We spent a couple of weeks studying the events of the 1300s. Today I’m going to share the worksheets I made for the kids about the Crusades, Hundred Year’s War, and the Black Plague. I’ll also share the simulation: Will you survive the Black Plague?!!
To start, we covered the history of the Crusades, Hundred Year’s War and the Black Plague. We read the chapters in our history book. We are using Early Times: The Story of the Middle Ages, (affiliate link) by Suzanne Strauss Art as our spine. We also watched a number of videos including the BBC series on the Crusades. (affiliate link) (The kids found it fascinating the Eleanor of Aquitaine went on one of the Crusades!)
For the Hundred Year’s War, the girls really liked the Animated Hero Classic film of Joan of Arc. We watched a number of other documentary videos as well, though I don’t remember what they were called at the moment. For the Hundred Year’s War, we talked a lot about how lands in France was controlled by English rulers from the time of William the Conqueror, Eleanor of Aquitaine (wife of Henry II), and Richard the Lion-heart.
To review all that material, we went over these notebook pages and added they added them to their history notebooks:
When the Black Plague swept through Europe in the 1340s, millions of people died. We looked at the maps of how the plague spread (see the photos on the page in the picture above right). The longer the plague was in an area, the larger the percent of people who died. So, while in some of northern Europe 20% of the people died, in southern Italy it was closer to 70%-80%. We did a simulation that showed just how quickly the plague spread and how your likelihood of catching the plague increased the longer it lasted. I’ll describe what we did below. The kids were fascinated by this simulation!!
Black Plague Simulation:
To set up the simulation , prepare the bags with blue and red tiles:
Bags 1 through 4, place 8 blue tiles and 2 red tiles.
Bags 5 and 6, place 9 blue tiles and 1 red tile.
First person starts by rolling a die.
If that person rolls a 1,2,3 – they stay in the town for 1 night (and pull one tile out of the bag and look at it)
If that person rolls a 4,5,6 – they stay in the town for 2 nights (and pull two tiles out of the bag and look at it)
If she pulls out a blue tile/tiles, just go on to the next town and roll again.
If she pulls out one red tile, she has been infected and will travel to the next 2 towns before “dying.” Continue on to the next town. At that town, roll the die. If she rolls a 1,2,3 add one yellow tile to the bag. If she rolls a 4,5,6 add 2 yellow tiles to the bag. Do the same thing for the next town. Then she has died and her turn is over.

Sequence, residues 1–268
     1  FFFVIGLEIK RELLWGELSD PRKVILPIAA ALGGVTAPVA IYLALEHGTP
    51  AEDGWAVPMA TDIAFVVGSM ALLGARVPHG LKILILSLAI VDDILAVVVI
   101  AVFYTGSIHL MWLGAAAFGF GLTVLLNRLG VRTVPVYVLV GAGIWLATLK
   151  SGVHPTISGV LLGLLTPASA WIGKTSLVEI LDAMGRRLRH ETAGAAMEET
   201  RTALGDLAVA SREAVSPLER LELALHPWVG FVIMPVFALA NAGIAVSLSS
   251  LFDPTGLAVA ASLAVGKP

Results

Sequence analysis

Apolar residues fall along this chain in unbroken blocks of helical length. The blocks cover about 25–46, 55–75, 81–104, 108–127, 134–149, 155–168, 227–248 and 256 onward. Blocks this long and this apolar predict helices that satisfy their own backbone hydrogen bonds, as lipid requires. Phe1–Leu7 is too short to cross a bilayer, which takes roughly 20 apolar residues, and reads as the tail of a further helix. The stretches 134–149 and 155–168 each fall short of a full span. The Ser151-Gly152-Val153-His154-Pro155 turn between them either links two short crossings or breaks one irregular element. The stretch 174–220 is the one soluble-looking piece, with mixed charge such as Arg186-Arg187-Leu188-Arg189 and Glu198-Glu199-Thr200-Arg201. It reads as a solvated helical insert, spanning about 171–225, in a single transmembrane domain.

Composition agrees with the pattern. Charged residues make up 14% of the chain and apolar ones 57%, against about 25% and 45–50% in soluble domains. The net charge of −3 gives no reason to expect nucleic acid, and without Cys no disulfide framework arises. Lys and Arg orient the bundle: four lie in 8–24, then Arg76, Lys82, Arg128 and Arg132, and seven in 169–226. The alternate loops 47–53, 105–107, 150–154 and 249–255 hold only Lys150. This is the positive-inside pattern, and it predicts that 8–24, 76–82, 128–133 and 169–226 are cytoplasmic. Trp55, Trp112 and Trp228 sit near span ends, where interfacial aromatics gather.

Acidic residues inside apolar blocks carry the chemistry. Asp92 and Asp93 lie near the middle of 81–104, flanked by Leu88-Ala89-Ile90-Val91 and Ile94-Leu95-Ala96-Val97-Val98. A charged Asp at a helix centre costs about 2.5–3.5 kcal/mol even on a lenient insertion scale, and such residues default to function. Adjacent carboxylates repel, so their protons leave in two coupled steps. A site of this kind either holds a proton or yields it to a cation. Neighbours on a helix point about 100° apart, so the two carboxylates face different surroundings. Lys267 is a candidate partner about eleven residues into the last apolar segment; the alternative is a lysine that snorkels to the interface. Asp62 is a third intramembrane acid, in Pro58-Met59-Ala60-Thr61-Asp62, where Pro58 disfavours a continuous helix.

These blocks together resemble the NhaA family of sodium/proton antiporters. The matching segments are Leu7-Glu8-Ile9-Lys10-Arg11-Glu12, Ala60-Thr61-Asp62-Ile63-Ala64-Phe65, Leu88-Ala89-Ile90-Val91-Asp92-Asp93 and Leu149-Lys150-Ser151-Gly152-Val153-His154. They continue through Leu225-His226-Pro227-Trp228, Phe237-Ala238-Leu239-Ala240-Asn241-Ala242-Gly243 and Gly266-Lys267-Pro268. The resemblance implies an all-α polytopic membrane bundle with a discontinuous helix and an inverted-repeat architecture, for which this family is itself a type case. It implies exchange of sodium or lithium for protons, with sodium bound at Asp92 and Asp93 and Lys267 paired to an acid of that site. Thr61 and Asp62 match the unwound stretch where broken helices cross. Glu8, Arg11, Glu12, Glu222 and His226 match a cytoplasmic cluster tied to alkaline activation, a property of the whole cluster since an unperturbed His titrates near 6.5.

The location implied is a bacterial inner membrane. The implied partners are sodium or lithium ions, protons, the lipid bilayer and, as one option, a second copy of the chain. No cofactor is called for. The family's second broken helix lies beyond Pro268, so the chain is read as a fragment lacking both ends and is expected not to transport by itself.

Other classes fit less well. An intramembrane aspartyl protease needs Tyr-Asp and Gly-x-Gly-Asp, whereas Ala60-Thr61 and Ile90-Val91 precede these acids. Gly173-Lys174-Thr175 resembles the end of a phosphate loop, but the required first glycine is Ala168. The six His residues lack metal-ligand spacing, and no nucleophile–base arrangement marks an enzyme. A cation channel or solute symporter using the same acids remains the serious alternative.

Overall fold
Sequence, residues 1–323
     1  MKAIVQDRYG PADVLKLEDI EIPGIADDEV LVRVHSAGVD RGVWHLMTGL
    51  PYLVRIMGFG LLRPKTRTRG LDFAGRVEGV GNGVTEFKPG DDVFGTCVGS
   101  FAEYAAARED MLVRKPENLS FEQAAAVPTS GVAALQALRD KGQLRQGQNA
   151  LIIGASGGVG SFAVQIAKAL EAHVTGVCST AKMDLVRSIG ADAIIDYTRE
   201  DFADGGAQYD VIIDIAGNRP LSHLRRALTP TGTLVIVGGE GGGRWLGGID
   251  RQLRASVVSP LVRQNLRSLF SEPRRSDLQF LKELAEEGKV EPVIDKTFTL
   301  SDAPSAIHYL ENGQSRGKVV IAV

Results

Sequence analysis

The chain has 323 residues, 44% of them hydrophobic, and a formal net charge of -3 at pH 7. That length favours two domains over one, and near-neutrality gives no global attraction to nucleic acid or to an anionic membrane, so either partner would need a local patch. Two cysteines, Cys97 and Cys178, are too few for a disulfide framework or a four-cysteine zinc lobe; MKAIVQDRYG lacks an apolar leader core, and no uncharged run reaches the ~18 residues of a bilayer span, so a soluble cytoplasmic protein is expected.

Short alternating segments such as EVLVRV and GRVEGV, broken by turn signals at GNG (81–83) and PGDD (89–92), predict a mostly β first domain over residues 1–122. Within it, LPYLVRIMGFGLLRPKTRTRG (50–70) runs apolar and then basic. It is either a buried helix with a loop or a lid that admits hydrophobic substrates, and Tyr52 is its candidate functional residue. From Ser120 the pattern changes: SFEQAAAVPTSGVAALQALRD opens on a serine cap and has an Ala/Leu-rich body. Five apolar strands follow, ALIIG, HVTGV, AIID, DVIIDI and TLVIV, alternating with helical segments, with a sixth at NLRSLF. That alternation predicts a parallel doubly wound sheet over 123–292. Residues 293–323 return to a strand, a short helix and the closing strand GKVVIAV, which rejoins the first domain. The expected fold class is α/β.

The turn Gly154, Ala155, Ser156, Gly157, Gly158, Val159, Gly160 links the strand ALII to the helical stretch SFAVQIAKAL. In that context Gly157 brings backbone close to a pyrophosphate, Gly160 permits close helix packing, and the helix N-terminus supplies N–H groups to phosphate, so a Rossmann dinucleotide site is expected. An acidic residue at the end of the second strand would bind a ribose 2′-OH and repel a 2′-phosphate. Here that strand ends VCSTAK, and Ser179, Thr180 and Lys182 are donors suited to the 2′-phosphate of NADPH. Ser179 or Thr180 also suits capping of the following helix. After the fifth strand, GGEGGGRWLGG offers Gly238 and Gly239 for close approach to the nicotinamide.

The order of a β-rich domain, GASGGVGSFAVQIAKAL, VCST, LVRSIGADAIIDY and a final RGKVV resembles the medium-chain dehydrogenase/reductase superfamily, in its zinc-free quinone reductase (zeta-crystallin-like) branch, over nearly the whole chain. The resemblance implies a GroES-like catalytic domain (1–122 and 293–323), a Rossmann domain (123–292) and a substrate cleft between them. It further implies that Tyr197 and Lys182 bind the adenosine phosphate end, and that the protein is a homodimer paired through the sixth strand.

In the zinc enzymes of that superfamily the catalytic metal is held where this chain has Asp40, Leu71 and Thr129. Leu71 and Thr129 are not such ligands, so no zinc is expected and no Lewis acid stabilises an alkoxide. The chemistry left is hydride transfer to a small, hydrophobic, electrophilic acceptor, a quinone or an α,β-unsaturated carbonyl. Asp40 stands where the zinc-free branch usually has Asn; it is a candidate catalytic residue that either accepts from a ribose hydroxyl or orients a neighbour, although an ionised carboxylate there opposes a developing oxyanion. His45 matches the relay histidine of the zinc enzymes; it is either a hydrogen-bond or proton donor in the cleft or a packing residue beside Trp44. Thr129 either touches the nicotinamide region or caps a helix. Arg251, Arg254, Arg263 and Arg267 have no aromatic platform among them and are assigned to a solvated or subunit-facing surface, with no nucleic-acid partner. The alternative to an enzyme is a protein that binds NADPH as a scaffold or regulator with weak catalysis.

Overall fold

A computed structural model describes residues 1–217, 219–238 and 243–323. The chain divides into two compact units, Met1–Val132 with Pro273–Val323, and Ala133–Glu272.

If she pulls out two red tiles, she dies immediately adding one yellow tile to the bag. Her turn is over.
Now it is the second person’s turn and follows the same procedure.
The more people that go through the simulation, the more yellow tiles that are added to the bags. By the time we went through twice, our family found it difficult to survive!
To download these Middle Ages worksheets and Black Plague Simulation, just click the link below:
We went on to talk about scholarship and literature in this same time period… and read a Dante’s Divine Comedy: As Told for Young People. (affiliate link) Believe it or not, the kids really liked that (and would beg for us to read more each day! More about that in our next post.
Disclosure: Please note that the book link above is an affiliate link, and at no additional cost to you, I will earn a commission if you decide to make a purchase.
Our other posts in our Middle Ages Unit (Some of these posts also include some free notebook pages):
- Vikings, Norse Myths and a Woodburning Craft
- Middle Ages: King Arthur, Charlemagne
- Middle Ages Unit: The Medieval Church and Monasteries Worksheets
- Feudalism in the Middle Ages Notebook Pages and Simulation
- Middle Ages – Notebook Pages on England and France (800-1200)
- The Crusades
- Genghis Khan and Kublai Khan Free Notebook Pages
- Marco Polo – Notebook Pages, Books and Resources
World Religions Posts and Printables You May Be Interested In:
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Happy Homeschooling! ~Liesl
Disclosure: Please note that some of the links in this post are affiliate links, and at no additional cost to you, I will earn a commission if you decide to make a purchase.